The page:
Huarong’s bailout was reassuring for investors who went through months of agony guessing just how determined the Chinese government was in combating moral hazard. But even with $300 billion in liabilities that could roil banks, suppliers and home buyers, junk-rated Evergrande is seen as a separate case as authorities crack down on excessive leverage in the property sector.
Investor concerns grew Thursday evening after Chinese regulators demanded Evergrande resolve its debt risks and refrain from spreading untrue information. People’s Bank of China and banking watchdog officials summoned the company’s executives, telling them to maintain operations and protect the stability of financial and property markets, according to a joint statement.
“The Chinese government’s stance to prioritize social harmony and equality over corporate profit is becoming increasingly clear,” said Anthony Leung, head of fixed income at Metropoly Capital HK. “Evergrande is completely different in the sense that it is the poster child of an industrywide reckless risk-taking culture.”
China Evergrande has been investing in a wide number of non-core businesses for years and will likely be forced to sell all of its appreciated assets in order to avoid bankruptcy. That position as a forced seller leaves it in a weak position to get fair value. Therefore, the only conclusion is the company’s management are been punished for taking on excessive leverage and favoured companies will have the opportunity to pick up renewable energy, batter manufacturing and other positions at a discount.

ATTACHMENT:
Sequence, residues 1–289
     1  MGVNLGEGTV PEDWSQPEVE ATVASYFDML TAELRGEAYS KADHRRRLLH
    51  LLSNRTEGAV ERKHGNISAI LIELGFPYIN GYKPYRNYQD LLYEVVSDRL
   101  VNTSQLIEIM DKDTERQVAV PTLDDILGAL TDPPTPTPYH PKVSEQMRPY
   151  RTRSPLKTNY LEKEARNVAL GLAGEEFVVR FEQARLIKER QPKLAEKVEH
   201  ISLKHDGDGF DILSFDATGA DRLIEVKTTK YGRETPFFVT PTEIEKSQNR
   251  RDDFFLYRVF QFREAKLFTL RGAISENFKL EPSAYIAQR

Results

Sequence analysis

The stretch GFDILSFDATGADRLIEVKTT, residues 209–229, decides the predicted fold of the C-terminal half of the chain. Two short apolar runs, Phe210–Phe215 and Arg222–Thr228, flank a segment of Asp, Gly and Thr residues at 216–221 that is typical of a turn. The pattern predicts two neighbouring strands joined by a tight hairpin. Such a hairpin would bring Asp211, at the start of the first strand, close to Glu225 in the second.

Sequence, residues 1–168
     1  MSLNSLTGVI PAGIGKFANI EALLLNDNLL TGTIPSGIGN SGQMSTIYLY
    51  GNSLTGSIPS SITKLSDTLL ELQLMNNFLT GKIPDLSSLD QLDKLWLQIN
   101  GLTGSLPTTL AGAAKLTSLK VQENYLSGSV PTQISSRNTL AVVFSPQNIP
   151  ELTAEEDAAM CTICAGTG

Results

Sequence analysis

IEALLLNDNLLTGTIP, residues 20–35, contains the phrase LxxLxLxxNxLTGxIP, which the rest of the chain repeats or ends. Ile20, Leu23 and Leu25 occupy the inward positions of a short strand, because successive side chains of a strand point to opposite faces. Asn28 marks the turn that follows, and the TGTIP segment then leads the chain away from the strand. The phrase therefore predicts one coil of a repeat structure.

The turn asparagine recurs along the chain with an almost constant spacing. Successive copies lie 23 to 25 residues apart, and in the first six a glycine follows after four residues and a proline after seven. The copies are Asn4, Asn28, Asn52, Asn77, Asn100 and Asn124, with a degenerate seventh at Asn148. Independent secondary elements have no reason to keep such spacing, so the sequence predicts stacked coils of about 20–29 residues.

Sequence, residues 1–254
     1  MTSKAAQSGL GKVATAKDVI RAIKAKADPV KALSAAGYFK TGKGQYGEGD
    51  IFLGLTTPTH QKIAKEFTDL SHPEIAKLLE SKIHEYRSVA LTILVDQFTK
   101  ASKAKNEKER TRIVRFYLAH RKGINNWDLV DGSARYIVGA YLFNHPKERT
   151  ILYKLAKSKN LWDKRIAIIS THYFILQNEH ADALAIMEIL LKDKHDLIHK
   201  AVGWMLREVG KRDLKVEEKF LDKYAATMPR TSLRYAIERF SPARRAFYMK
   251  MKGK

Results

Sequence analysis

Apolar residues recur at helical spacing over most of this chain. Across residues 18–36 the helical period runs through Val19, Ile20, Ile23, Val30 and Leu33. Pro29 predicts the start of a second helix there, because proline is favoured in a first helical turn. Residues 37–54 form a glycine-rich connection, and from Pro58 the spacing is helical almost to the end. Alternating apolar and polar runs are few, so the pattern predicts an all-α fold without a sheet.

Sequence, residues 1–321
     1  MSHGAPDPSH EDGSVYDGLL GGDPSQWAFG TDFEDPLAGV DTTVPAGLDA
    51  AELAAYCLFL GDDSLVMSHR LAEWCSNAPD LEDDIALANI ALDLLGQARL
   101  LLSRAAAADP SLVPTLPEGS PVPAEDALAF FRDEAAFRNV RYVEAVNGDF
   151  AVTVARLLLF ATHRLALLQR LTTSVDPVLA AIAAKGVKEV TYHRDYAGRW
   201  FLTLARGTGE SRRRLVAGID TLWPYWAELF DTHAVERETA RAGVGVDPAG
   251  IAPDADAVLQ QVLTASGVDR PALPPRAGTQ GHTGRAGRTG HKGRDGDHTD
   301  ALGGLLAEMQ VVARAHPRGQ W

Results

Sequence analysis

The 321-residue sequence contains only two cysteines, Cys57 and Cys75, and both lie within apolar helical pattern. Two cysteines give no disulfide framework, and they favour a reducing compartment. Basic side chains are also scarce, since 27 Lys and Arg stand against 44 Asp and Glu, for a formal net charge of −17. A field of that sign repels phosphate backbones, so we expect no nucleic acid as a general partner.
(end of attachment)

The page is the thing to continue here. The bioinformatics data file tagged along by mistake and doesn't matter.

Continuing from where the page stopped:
The share continues to test the lows near HK$5. While the trouble the company is experiencing is very grave, the bigger issue is property developer business models are under threat. The sector is being starved of avenues for raising capital and that is a problem which will not be easily addressed.
Efforts to curb excessive steel production are also weighing on the iron-ore price. Copper and oil are now also back testing areas of potential support in the region of their respective trend means.
I find myself testing hypotheses to try and figure out in what way the global tapestry of market interactions will be weaved as we work through the pandemic. The clearest conclusion so far is the pandemic has been an accelerant. What if that also means China’s slowdown is a precursor to a hard landing?
It has been well documented that much of the growth over the last decade has been built on leverage. If that cycle is now over, it could have far-reaching global consequences of the black swan variety. Therefore, what is happening China and how the looming wave of debt issues are resolved will be important to monitor for everyone.Back to top